A bill to amend title 54, United States Code, to provide that State law shall apply to the use of motor vehicles on roads within a System unit
STATEMENT OF MICHAEL A. CALDWELL, ACTING ASSOCIATE DIRECTOR, PARK PLANNING, FACILITIES, AND LANDS, NATIONAL PARK SERVICE, U.S. DEPARTMENT OF THE INTERIOR, BEFORE THE SENATE ENERGY AND NATURAL RESOURCES SUBCOMMITTEE ON NATIONAL PARKS CONCERNING S. 1527, A BILL TO AMEND TITLE 54, UNITED STATES CODE, TO PROVIDE THAT STATE LAW SHALL APPLY TO THE USE OF MOTOR VEHICLES ON ROADS WITHIN A SYSTEM UNIT.
JUNE 23, 2021
Chairman King, Ranking Member Daines, and members of the Subcommittee, thank you for the opportunity to provide the Department of the Interior’s views on S. 1527, a bill to amend Title 54, United States Code, to provide that State law shall apply to the use of motor vehicles on roads within a System unit.
The Department strongly opposes S. 1527.
S. 1527 would provide that the law of the state in which a unit of the National Park System is located would govern the use of motor vehicles (including off-highway vehicles, as defined by each state) on roads within the park unit.
Under current regulations (36 CFR 4.2), the National Park Service adopts state law with respect to the use of motor vehicles but retains the authority to establish federal rules when necessary to meet its management responsibilities. These regulations ensure that where appropriate, motor vehicle use in parks is consistent with state law, but that also park managers are able to determine whether federal rules are necessary to ensure that motor vehicle use on roads will not harm resources or the visitor experience, consistent with the National Park System mission as expressed in the National Park Service Organic Act (54 U.S.C. 100101). This is particularly true regarding the use of off-highway vehicles on roads in remote and undeveloped areas.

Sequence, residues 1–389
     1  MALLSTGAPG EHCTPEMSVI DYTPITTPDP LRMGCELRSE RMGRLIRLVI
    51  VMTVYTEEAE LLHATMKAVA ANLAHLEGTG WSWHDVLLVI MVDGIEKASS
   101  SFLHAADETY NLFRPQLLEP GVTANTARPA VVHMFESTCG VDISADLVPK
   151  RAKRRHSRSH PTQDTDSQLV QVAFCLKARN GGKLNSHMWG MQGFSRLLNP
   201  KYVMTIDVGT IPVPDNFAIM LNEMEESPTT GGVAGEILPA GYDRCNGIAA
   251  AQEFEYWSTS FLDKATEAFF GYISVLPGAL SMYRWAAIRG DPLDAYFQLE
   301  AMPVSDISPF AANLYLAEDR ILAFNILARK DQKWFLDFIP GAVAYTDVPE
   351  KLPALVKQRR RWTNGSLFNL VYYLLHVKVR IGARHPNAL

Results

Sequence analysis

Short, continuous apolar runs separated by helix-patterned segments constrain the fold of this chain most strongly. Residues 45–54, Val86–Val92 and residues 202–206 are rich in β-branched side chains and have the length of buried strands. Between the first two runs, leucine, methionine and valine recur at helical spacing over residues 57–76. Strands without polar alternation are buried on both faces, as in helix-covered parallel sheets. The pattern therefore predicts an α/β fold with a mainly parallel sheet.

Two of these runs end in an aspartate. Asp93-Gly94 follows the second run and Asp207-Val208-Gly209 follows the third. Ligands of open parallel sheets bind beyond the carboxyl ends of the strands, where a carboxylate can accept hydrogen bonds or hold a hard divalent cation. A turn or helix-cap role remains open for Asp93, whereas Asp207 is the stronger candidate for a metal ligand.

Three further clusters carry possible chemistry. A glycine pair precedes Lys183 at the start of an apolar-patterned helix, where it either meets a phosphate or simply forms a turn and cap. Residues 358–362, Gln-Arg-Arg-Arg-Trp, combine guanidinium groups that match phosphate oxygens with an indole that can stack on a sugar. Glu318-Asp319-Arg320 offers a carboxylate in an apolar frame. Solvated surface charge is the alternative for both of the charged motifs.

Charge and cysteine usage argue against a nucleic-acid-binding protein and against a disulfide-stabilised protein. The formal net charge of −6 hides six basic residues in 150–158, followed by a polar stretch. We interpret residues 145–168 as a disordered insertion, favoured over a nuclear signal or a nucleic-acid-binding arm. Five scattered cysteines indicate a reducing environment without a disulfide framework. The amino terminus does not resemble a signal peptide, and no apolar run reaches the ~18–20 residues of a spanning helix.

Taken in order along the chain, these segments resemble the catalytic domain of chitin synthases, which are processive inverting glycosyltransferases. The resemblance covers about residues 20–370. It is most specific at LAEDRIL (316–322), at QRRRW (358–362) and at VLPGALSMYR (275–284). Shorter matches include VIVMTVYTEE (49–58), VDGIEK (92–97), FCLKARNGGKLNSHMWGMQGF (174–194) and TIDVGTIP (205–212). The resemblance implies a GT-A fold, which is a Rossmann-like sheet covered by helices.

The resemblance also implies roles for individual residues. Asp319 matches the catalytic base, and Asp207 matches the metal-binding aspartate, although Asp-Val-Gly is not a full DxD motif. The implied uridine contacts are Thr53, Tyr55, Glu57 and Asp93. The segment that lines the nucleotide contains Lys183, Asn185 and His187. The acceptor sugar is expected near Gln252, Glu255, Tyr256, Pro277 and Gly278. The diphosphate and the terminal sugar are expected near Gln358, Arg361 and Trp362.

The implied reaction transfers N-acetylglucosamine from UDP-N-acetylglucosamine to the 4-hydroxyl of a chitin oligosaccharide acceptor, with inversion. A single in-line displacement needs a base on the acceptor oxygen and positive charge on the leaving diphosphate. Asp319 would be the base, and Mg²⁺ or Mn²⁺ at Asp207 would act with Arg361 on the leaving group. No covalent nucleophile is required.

In addition, giving states the authority to determine how motor vehicles are used on roads in national park units would lead to less consistent management across the National Park System. When Congress enacted National Park System General Authorities Act Amendments of 1970 (Public Law L. 91-383), it declared that “though distinct in character, [national parks] are united through their interrelated purposes and resources in to one National Park System as cumulative expressions of a single national heritage”. This law emphasized that all of America’s national parks are united under the mission, purpose, and protection of the Organic Act. The authority of the National Park Service to establish rules for the use of motor vehicles on roads within national parks is a key aspect of unified system-wide management.
Chairman King, this concludes my statement. I would be happy to answer any questions that you or members of the Subcommittee may have.